After a day's excursion from temple to temple take a leisurely stroll through Mamallapuram’s streets which are lined with shops selling trinkets and souvenirs such as sculptures and miniatures in black stone, granite, soft and grey soapstone. You can bring back the rich history and stories of the place in the form of these miniatures.

Getting there: Chennai Airport, which is 52 km away from Mamallapuram, is the nearest. You can also drive to the site since Mamallapuram is so close to Chennai.

Adichanallur: Unearthing South India's Ancient Past 

A tiny remote village in Thoothukudi district of Tamil Nadu, Adichanallur, offers a portal into South India's ancient history. In a State that is packed with its fair share of archaeological wonders, this small village has yielded some of the most intriguing discoveries in the region.

Adichanallur's historical significance is propelled further with the discovery of a burial site. There is evidence of urn burials in red and black ware at the site, with 178 burials exposed within a 600 sq m area. These findings furnish valuable insights into the burial practices and societal structure of the civilisation that once thrived here.

Visit Chennai's Government Museum in Egmore to look at the exhibit of relics unearthed at Adichanallur
Visit Chennai's Government Museum in Egmore to look at the exhibit of relics unearthed at AdichanallurShutterstock

A trip to this archaeological hotbed is full of fascinating facts that will equip you with stories to take back home. The traces of a fortified town with distinct quarters in Adichanallur suggest an organised society with defined living spaces. You will find yourself asking questions about the history of the region and the circumstances that led to its fortification.

One of the most brilliant discoveries at the site is an inscription in the rudimentary Tamil-Brahmi script, which shatters previous assumptions about its use during the ancient period.

For an enriching experience, visit in a group or alone and head over to Chennai's Government Museum in Egmore to look at the exhibit of relics unearthed at the site. These Megalithic burial urns found in Adichanallur are on display at the museum, along with Perumbair Pottery, household appliances and agricultural tools made of iron. An enlightening discovery at the site was a potsherd adorned with intricate motifs, which will make you marvel at the aesthetic sense of the Adichanallur people and imagine an era where their artistic flair flourished in the form of such detailed crafts.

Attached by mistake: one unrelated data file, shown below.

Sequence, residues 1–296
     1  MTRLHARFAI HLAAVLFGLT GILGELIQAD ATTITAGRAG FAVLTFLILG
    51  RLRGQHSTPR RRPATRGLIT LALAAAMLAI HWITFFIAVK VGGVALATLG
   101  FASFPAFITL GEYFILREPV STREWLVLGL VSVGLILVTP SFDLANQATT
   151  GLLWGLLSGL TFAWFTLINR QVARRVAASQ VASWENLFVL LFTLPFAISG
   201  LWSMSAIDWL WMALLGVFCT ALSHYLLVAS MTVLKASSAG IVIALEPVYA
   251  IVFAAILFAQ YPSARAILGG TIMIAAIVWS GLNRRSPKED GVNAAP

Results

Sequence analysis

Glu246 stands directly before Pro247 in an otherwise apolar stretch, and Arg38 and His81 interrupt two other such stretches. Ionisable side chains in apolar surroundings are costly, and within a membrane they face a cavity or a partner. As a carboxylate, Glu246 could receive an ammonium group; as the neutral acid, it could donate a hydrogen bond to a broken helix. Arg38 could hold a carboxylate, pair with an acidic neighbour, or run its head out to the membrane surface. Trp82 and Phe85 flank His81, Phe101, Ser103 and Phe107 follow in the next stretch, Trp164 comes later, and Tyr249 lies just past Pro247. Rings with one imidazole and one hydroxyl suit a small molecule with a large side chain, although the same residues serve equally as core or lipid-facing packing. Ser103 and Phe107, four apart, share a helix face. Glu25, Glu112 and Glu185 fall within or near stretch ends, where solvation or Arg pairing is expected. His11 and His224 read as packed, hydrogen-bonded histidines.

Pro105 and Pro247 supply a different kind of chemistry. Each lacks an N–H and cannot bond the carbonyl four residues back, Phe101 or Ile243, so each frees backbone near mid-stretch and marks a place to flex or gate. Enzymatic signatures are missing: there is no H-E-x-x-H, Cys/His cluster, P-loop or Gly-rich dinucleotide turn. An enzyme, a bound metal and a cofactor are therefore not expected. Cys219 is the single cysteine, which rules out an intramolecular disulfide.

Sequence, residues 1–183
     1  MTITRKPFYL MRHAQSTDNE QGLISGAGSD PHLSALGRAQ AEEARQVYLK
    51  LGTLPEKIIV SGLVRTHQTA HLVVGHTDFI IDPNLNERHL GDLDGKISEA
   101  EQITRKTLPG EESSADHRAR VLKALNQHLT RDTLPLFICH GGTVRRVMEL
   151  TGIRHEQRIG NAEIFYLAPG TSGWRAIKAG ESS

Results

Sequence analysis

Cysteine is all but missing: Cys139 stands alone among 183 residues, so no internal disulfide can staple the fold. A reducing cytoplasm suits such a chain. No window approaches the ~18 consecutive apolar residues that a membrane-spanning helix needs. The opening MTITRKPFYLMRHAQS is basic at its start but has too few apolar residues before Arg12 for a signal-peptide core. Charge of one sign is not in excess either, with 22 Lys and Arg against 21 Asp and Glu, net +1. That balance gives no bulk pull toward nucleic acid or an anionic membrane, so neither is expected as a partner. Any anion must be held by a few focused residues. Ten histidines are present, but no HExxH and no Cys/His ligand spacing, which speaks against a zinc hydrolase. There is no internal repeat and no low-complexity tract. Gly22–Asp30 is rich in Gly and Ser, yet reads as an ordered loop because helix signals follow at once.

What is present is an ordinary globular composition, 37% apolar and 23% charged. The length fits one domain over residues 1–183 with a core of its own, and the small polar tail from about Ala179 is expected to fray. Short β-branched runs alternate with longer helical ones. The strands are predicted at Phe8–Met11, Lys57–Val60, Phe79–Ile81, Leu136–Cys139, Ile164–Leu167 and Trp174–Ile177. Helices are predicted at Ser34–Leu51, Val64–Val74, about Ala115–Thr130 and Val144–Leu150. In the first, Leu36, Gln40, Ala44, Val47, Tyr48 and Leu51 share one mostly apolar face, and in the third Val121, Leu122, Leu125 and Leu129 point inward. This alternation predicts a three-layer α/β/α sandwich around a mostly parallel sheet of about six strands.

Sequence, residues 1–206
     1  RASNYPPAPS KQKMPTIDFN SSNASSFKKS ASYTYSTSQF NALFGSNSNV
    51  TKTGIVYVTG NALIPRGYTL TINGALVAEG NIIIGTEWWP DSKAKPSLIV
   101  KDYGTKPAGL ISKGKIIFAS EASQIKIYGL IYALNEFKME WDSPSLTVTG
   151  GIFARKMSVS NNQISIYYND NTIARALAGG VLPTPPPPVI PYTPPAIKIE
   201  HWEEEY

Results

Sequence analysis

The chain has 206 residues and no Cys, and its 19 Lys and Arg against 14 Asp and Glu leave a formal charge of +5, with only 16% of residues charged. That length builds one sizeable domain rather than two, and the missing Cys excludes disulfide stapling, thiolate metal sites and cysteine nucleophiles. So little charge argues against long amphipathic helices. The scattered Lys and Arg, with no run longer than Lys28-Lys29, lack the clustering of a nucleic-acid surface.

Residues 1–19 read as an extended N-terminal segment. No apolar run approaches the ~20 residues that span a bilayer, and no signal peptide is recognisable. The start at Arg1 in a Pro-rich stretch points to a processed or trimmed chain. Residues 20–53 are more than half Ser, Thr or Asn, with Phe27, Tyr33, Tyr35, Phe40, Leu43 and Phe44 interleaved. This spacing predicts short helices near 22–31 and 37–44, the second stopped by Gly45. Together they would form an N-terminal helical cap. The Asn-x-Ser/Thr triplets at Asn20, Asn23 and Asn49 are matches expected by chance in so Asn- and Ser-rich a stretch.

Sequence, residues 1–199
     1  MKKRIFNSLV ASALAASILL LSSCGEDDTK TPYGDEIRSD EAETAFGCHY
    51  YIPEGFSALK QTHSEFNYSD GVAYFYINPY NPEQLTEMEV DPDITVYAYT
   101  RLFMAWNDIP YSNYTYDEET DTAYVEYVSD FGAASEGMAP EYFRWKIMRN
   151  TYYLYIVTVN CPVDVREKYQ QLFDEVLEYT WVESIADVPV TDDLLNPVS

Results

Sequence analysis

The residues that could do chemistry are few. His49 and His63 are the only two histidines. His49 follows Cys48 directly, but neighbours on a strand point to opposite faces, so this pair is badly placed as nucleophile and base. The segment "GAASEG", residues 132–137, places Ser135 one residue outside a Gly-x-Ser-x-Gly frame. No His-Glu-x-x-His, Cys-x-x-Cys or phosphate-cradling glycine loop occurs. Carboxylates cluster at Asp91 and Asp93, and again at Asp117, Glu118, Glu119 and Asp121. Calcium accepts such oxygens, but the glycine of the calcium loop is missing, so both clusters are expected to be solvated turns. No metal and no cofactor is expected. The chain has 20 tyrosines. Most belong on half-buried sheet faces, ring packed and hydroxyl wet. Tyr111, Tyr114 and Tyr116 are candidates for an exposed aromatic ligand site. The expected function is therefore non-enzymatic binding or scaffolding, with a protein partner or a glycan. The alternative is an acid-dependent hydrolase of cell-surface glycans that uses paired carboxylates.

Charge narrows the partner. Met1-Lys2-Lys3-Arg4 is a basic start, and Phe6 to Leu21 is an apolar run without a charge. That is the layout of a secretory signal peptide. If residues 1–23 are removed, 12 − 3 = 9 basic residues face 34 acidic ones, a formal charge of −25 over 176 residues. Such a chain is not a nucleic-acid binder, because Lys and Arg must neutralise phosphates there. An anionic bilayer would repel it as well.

Getting there:  Located in the Thoothukudi district in Tamil Nadu, you can reach this site via public and private buses.

Kodumanal: Where Trade and Industry Thrived 

Nestled on the banks of the Noyyal River, Kodumanal offers an enchanting peak into the commerce and trading industry that flourished over two millennia ago. This unassuming hamlet, with a population of around a thousand, belies its rich historical legacy.

Archaeological experts divide the history of Kodumanal into two distinct cultural periods: the Megalithic and Prehistoric eras. Spanning from the 5th century BCE to the 1st century BCE, these eras witnessed Kodumanal's transformation into a thriving industrial and trade hub.

Government Museum in Erode houses some of the most important Kodumanal findings
Government Museum in Erode houses some of the most important Kodumanal

To witness the enchanting objects on display, make a trip to Government Museum Erode, 45 km from the site. The museum is located at VOC Park campus in Erode district and houses some of the most important Kodumanal findings.

Roman coins and punched-marked coins were exhumed, dating from the 4th to the 1st century BCE. The discovery of these remnants alludes to Kodumanal's role as a significant trade centre, with a route along the banks of the Noyyal River connecting it to the Chera dynasty. Among the discoveries, black and red ware and russet-coated ware were also found, along with inscribed potsherds, graffiti potsherds, and beads made of clay, quartz, agate, carnelian, lapis lazuli, and beryl.

Immerse yourself in the ancient history of Kodumanal. Visiting with family for a day of fun and learning is an experience you wouldn't want to miss.

Getting there: Kodumanal falls in Erode district of the State. Coimbatore International Airport is the nearest major airport, 69 km away, and the nearest railhead is Uttukuli, which is 6 km away.